Stem cells help prevent death

Bioquark is about to begin a trial in which he will try to return patients with brain death to life using stem cells. The controversial study raises numerous scientific and ethical issues, which involve many experts in the field. All points to the fact that scientists set ever higher goals when it comes to the human body – first the world’s first human transplantation, then the fight against aging, and now this is the complete abolition of death. Yes, you read it right. A company called Bioquark decided to bring back people with clinically dead brains. The Philadelphia biotechnology company is expected to launch the project later this year.

Initially, the test was planned to be held in 2016 in India, but was not allowed. Assuming that the plan will remain the same, scientists will take 20 patients who will undergo various types of treatment. First, there will be an injection of stem cells that will be isolated from the patient’s own blood or fat. Then a protein mixture will be introduced into the spinal cord, which will stimulate the growth of new neurons. Laser therapy and nerve stimulation will be performed for 15 days to induce neurons to form bonds. Meanwhile, scientists will monitor the behavior and EEG for changes caused by treatment.

r described dozens of such cases and notes that the method may have partial success in some patients in a coma. But coma and brain death are different things, and the Bioquark process raises more questions than answers.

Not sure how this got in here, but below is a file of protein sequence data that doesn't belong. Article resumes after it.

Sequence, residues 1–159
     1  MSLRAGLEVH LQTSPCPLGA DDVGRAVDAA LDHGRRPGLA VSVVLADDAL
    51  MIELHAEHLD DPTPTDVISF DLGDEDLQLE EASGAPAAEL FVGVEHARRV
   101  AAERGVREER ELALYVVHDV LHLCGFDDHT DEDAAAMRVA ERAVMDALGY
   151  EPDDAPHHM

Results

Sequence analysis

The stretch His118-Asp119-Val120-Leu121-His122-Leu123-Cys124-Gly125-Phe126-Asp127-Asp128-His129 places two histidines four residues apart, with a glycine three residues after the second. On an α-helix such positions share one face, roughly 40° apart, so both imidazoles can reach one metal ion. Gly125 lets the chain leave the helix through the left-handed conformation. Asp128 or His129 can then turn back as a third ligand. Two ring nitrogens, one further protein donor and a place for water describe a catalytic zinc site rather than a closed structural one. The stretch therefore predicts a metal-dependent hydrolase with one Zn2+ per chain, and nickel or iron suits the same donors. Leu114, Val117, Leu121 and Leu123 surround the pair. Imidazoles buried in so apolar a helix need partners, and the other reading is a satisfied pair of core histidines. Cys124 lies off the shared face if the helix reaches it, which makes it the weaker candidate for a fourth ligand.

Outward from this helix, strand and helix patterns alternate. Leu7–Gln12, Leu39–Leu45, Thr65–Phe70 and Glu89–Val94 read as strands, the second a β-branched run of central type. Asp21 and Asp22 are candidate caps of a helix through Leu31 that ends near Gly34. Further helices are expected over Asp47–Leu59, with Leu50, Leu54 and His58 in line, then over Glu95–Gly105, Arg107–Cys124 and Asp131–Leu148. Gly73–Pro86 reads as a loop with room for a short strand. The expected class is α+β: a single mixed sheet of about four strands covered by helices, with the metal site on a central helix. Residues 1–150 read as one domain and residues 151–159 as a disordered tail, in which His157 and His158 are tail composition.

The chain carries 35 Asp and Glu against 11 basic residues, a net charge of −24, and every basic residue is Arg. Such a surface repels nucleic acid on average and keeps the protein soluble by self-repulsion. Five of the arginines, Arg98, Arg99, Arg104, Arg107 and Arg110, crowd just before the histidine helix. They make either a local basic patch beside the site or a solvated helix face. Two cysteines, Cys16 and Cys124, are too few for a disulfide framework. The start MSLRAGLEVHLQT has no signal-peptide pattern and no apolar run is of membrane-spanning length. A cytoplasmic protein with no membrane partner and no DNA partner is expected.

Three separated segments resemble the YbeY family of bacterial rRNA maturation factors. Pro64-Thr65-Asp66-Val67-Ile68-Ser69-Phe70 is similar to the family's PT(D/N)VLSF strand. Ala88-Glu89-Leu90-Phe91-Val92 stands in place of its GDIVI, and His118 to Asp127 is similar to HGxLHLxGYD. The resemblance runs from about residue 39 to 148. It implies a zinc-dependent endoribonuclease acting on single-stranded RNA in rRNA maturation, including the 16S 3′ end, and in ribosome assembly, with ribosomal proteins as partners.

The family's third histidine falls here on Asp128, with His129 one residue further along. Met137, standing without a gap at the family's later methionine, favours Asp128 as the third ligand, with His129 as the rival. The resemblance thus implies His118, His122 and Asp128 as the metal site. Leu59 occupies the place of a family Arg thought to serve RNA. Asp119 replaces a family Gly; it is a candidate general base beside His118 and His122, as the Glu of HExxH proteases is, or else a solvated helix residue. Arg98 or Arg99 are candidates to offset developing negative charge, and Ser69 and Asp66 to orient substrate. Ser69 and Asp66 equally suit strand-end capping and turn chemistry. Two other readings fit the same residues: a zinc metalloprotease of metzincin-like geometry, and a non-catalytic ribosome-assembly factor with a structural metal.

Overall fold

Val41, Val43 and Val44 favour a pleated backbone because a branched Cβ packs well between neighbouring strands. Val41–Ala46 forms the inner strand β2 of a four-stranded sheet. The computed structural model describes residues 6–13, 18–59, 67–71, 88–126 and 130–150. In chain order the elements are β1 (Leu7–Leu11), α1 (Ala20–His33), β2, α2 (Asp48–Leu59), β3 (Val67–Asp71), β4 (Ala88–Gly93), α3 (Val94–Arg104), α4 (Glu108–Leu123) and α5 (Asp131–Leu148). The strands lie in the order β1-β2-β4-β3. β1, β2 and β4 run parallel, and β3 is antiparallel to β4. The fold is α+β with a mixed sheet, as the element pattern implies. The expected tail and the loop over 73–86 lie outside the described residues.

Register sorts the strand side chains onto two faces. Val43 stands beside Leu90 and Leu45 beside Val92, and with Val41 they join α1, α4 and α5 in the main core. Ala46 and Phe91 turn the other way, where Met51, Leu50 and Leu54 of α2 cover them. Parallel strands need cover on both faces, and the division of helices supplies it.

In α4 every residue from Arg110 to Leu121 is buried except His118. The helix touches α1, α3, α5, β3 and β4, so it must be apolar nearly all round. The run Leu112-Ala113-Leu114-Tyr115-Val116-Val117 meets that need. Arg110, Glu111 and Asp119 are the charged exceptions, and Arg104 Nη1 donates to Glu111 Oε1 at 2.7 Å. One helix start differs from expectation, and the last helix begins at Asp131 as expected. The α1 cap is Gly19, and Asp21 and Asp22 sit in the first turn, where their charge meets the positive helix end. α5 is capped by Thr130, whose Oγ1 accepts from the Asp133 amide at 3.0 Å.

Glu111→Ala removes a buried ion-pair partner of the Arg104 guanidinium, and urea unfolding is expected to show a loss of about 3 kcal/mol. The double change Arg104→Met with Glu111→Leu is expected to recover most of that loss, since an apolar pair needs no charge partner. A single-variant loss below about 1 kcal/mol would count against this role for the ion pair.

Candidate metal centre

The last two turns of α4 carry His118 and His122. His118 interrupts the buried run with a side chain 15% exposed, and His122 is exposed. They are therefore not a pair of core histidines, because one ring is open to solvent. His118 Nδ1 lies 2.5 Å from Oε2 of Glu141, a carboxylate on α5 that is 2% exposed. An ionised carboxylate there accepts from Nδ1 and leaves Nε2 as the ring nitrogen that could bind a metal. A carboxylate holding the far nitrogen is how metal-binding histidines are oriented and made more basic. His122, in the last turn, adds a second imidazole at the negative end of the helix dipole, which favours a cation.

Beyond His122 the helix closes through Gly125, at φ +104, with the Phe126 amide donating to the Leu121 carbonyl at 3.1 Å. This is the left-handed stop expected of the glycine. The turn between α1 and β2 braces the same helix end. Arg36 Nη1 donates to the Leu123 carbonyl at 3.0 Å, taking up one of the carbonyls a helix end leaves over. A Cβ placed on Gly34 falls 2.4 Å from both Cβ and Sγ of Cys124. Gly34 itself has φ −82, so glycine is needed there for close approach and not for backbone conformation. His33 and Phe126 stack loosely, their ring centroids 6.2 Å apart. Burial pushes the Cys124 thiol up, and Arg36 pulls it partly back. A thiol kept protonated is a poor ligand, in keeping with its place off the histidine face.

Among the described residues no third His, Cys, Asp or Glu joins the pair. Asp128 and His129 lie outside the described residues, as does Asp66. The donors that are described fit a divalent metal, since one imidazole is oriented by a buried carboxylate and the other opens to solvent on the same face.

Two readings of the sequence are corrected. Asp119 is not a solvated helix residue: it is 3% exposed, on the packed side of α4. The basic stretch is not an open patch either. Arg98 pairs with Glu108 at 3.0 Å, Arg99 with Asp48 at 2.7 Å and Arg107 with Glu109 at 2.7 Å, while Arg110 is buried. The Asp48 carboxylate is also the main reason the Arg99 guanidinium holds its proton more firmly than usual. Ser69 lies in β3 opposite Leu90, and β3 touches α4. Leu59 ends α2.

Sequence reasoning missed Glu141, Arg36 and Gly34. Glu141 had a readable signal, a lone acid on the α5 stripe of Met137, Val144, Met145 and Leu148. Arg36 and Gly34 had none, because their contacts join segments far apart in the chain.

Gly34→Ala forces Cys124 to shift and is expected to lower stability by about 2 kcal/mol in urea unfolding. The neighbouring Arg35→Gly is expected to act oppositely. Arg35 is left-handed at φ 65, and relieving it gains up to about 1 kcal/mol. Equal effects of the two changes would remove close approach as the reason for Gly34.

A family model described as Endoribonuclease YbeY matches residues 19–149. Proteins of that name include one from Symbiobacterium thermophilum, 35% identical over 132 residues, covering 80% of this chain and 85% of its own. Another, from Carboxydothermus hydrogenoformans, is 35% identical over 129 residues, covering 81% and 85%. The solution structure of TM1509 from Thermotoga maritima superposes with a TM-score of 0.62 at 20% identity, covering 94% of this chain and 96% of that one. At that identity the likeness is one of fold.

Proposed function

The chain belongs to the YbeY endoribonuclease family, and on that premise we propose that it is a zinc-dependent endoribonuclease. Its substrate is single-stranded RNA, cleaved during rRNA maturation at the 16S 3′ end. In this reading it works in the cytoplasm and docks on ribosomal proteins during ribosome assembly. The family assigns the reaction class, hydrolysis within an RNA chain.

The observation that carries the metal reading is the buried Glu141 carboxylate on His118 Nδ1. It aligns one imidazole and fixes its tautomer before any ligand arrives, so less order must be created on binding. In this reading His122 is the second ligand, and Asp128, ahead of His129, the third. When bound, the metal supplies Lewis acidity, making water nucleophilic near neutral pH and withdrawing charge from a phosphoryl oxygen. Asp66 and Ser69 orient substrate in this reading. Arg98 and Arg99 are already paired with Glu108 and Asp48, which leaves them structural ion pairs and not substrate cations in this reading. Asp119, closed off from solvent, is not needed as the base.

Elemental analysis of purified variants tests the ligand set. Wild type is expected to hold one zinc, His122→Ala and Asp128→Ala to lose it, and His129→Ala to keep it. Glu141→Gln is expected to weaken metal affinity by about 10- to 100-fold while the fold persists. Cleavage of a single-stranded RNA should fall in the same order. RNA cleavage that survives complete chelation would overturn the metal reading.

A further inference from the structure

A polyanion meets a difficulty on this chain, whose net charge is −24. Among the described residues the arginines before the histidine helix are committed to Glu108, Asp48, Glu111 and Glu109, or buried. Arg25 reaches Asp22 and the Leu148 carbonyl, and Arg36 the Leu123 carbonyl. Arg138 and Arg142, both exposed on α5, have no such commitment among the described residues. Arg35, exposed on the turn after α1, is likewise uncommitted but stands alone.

One of the problems that scientists find in this study is informed consent. As a participant in the tests, he will be able to give his consent and how the scientists will sign their work – given that the participants are legally dead – how then can they finally confirm the death of the brain? What will happen if the brain activity is partially restored? What will be the patient’s mental state? Is it possible to damage the brain even more?

In 2016, neurologist Ariana Lewis and bioethical Arthur Kaplan wrote that this test is “doubtful,” “has no scientific basis,” and “at best ethically controversial, and at worst – is openly unethical.” Dr. Cooper also doubts the methods of Bioquark and does not believe that they will help a patient with a dead brain. This method assumes the presence of a functional brainstem – the structure through which motor neurons pass before it is correctly connected to the bark. If there is no functional brainstem, nothing will come out.

Surgeon-pediatrician Charles Cox, not participating in Bioquark, agrees with Cooper: “This is not the craziest thing I’ve ever heard, but I think that the probability of success is close to zero. I think the resurrection of someone technically would be a miracle. “